In ancient times, it is told, the tribe was visited by a band of travelers who would come to be remembered as Elohim. Whether gods they were or men it matters not for, if men, they had been so perfectly wrought in the image and likeness of the gods as to be indistinguishable from them. Elohim were seafarers; the awestruck shore-dwellers who witnessed their arrival swore they had seen a spirit moving over the surface of the waters. Speaking into the void of what was destined to become the first dawn, Elohim pulled reality out of the raw world. “This is this,” Elohim declared, “and it is placed here; that is that, it goes there.” And so they imposed order where neither order nor disorder had reigned. Did they bring a new universe into existence, or did they discover that which already was and reveal its truths? To the haphazard and anonymous denizens of that land newly made Elohim said: “You are become fully human, like unto us as like can be.” In the speaking of the words their truth was made manifest, and the inhabitants understood what Elohim had declared: they were human indeed.
And so we stand poised on the nether shores of heresy. Made in the image and likeness, are we any different from elohim? Our exegesis has reduced the gap between man and God nearly to the vanishing point. What remains of godliness in elohim is the kind of creatorliness that distinguishes man from beast: creating for its own sake, teaching others about it, valuing the goodness intrinsic in the creation. Perhaps the moment when man became aware of himself as a unique being was precisely the same moment when he saw the possibility of self-transcendence made manifest in elohim. Perhaps, at the moment that man became man, God became God…
If you already believe in the Judeo-Christian God, chances are you believe in all the superlatives that have been associated with him since at least the Greek era: omniscience, omnipresence, perfection, omnipotence. Even though we have no personal experience of anyone creating anything out of nothing, we have no trouble imagining that God could have done so. It’s more difficult to imagine a God who didn’t create ex nihilo, who perhaps couldn’t do it – a God more like us, in other words. When it comes to God, it’s easier to believe the extraordinary than the ordinary. Probably that’s because in religious realities belief is associated with worship, and we find it hard to imagine worshiping someone who’s too much like us.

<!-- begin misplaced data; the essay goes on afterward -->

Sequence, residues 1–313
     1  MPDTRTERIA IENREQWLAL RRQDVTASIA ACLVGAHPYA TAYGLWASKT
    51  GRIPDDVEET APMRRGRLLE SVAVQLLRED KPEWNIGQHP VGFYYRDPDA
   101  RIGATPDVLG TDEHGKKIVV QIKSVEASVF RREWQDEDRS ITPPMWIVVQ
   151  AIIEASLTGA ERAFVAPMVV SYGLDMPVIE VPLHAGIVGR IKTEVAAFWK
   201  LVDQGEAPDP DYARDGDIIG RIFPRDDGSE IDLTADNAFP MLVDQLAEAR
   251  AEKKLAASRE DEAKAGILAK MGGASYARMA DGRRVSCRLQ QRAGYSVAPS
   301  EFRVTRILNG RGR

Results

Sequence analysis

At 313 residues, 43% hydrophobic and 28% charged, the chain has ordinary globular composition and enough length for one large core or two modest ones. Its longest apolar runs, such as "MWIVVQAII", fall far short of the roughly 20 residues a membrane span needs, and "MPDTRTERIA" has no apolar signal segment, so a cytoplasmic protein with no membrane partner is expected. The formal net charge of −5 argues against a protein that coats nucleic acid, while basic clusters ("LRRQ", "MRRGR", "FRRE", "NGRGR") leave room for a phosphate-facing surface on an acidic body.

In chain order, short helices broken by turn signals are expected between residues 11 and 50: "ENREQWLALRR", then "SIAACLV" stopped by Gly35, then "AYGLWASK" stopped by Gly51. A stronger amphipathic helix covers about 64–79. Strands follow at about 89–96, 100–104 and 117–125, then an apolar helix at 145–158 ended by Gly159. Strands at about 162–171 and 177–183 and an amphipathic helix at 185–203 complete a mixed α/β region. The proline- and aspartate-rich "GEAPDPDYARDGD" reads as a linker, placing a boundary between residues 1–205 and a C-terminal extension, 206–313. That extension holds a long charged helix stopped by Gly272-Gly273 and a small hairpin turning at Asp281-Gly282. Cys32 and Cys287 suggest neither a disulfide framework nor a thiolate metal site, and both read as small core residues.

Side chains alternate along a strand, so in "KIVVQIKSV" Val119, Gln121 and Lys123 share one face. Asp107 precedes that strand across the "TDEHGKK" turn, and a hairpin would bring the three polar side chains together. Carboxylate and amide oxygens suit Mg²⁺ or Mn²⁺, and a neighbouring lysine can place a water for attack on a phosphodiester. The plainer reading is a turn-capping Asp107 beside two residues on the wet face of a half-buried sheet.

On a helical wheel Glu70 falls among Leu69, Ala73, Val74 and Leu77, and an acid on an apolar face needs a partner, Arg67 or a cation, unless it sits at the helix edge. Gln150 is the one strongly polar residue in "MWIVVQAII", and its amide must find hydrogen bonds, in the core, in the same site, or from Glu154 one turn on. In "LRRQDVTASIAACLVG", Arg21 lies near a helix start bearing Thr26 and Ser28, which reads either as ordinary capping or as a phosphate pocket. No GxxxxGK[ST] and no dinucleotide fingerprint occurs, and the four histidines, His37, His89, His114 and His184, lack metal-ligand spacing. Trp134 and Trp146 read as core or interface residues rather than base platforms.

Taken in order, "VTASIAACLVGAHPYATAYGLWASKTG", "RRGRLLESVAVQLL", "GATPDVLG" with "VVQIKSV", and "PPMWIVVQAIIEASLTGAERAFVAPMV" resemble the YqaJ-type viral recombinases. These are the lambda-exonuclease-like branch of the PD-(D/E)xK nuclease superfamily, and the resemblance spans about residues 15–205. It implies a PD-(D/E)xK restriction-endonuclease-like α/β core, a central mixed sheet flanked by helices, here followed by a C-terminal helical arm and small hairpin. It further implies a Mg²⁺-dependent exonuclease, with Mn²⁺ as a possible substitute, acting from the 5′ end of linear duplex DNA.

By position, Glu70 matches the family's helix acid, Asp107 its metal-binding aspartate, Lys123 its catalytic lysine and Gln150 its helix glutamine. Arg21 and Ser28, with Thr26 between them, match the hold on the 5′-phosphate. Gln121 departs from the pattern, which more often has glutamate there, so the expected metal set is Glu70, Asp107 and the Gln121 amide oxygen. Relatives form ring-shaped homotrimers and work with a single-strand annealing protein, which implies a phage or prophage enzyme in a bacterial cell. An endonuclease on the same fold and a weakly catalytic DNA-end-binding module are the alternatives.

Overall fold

What if God doesn’t know everything but is a good learner? What if God can’t do everything but works really hard? What if God can’t imagine every possibility but likes surprises? What if God can’t control everything but is a great improviser? What if God makes mistakes but isn’t too proud to admit them? What if God can’t transcend time but uses time as an opportunity to introduce change and difference? What if God had absolutely nothing to do with creating the material world but has everything to do with making sense of it? Is it possible to imagine such a God?
Instead of this God of superlatives, contemporary theologian John Caputo proposes that we re-envision God as a “weak force”:
Suppose the sense of “God” is to interrupt and disrupt, to confound, contradict, and confront the established human order, the human, all too human way and sway of doing business, the authority of man over man – and over women, animals, and the earth itself – human possessiveness and dominion – to pose, in short, the contradiction of the “world”?
Revisiting Genesis 1, Caputo sees not the omnipotent hand of God creating ex nihilo but the weak force hovering over the deep. And what of man?
Indeed, suppose it turns out that we human beings were made not simply in the image of God, which is surely a central part of the story, but that we are also made of an unimaginable, or hardly imaginable, unmanageable, and unstable stuff, something that is neither icon nor idol, that is prior to both, reducible neither to Elohim nor to a demon or false god?
“Let there be light,” says elohim to the witness – it’s as though elohim is asking the witness to make the light real. Man already has the potential to become godlike: does he really need elohim to witness that potential and to summon it forth? Couldn’t man have become the creator of his own reality?
Man is an animal, a grasping and striving thing – a survivor. God is a seer, an imaginer, a thinker, a namer – a creator. Perhaps God is the difference between adapting and creating, between surviving and living, between evolving and improving. Perhaps God is the difference between individualism and individuality, between communalism and community, between choice and calling, between license and liberty, between necessity and duty. Perhaps God is the difference between fitness and goodness, opinion and truth, taste and beauty, power and justice; the difference between force and faith, desire and hope, need and love; between raw existence and meaningful reality. Would that make God more like us, or more different?
[Note: In light of this new concluding section that I’ve been posting I decided to change the name of the book to The Seven Creations of Genesis 1. I’ve posted a revised book summary here.]